In the wafer map in the bottom right of this picture you can see a map of some of the parametric tests that were done at wafer sort. This is a map of the min-VDD voltage at which the die would function properly. All these die passed the test, but you can see a strong variation from one side of the wafer to the other. This is typical of systematic variation in the processing of the wafer in which etch, photo or other process cause slight variations in gate length or other things that cause the chips to behave slightly differently. What is interesting are the four die that are circled. They are no worse than the die on the left of the wafer and they pass the test. However, in their “neighborhood” of other die they are clearly outliers. In the table on the right of this picture, we split the “normal” passing die from the “outlier” passing die on 14 different wafer lots of the same product. We then ran burn-in reliability stress testing on both groups. In the “Total” row you can see that the “normal” group failed 0.22% of the time and the “outlier” group failed 10.72% of the time!!!

The key is that these outliers are die that almost failed. The TEM cross section picture in the upper left of the picture shows the failure analysis result from one of these “outlier” die that passed wafer sort test but failed reliability testing. You can see that the tungsten was missing from the via, but the liner was pretty much in tact. It conducted current, but very poorly. With the accelerated stress of burn-in the liner broke down and it failed. The bottom line is that the “outlier” die are those ones that needed the extra safety gear in the car. The same things that help make you robust for yield, also make you robust for reliability.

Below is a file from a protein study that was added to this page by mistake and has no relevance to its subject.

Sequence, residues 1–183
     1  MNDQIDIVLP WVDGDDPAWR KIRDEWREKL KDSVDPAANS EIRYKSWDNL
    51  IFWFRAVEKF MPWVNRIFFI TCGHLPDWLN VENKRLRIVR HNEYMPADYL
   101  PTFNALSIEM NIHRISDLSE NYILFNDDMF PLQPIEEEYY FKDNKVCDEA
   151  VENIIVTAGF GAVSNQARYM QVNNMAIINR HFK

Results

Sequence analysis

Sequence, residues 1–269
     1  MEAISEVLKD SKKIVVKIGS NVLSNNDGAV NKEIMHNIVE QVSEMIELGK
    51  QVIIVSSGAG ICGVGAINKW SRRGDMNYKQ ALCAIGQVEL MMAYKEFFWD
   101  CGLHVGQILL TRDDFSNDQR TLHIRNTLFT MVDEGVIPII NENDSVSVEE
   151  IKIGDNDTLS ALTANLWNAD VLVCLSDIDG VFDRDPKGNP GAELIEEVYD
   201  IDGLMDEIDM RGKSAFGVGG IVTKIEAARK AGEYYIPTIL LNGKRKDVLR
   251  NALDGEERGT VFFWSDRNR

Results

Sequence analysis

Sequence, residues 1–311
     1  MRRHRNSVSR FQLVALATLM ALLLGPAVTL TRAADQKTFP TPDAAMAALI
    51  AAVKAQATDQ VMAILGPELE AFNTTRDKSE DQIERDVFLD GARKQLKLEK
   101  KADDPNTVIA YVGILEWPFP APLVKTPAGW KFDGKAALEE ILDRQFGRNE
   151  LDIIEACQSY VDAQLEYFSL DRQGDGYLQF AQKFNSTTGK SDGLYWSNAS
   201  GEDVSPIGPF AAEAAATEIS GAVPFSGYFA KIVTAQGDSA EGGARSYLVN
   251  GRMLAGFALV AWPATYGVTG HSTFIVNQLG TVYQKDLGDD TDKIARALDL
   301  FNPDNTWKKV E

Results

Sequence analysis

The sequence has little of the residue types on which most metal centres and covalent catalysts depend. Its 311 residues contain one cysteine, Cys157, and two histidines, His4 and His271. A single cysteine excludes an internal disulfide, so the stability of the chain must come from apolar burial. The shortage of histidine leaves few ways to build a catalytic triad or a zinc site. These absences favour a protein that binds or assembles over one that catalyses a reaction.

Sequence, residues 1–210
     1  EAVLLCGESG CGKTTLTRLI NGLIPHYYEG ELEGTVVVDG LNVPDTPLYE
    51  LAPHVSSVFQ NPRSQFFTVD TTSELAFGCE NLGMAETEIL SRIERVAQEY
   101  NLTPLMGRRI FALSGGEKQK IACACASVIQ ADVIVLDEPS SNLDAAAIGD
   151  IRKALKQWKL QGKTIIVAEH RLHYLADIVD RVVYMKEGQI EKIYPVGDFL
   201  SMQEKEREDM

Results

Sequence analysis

So who thinks a seat belt is worth the extra time and money now?

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Hi, nice explanation on the relevance of DFM for yield and reliability. I like the extended analogy to car safety gear. But one minor nit pick is that DFM is more like anti-lock brakes or traction control than say seat belts. I mean seat belts are for after the fact whereas the other devices may prevent you from getting into a jam. If I'm thinking about this correctly, DFM also pushes you away from the bad zone but it will do nothing for you if you already suffer from yield or reliability problems.

Dae-Jin Kim
4:19 AM Jun 25, 2009

Thanks for the feedback! You are correct in your clarification. You can't do DFM after the design is in production! Like health care in real life it is difficult to get people to invest in preventative care. They always wait until the emergency room and then ask for the cure.

David Abercrombie
5:38 AM Jun 25, 2009

hello David, Nice reading here. do you have screen shots of some of the defects which are caused by only following normal DRC's. Or some statistical data showing how following certain DFM rule helps early warnings in design cycle.

Mahendra
9:39 AM Aug 18, 2009

hello david, can you share some of the screenshots of the defects actually seen while doing fabrication, which otherwise would not occur if proper DFM rules are used. if you can share the statistics of design going through fabrication process much ease with DFM rules applied in Physical verification?

Mahendra
6:42 AM Aug 19, 2009

Mahendra, Thanks for the question. I just posted a new installment call DFM for Non-PhD's: Part 3 - Real Life Examples. I hope this fulfills your request.

David Abercrombie
8:57 PM Aug 20, 2009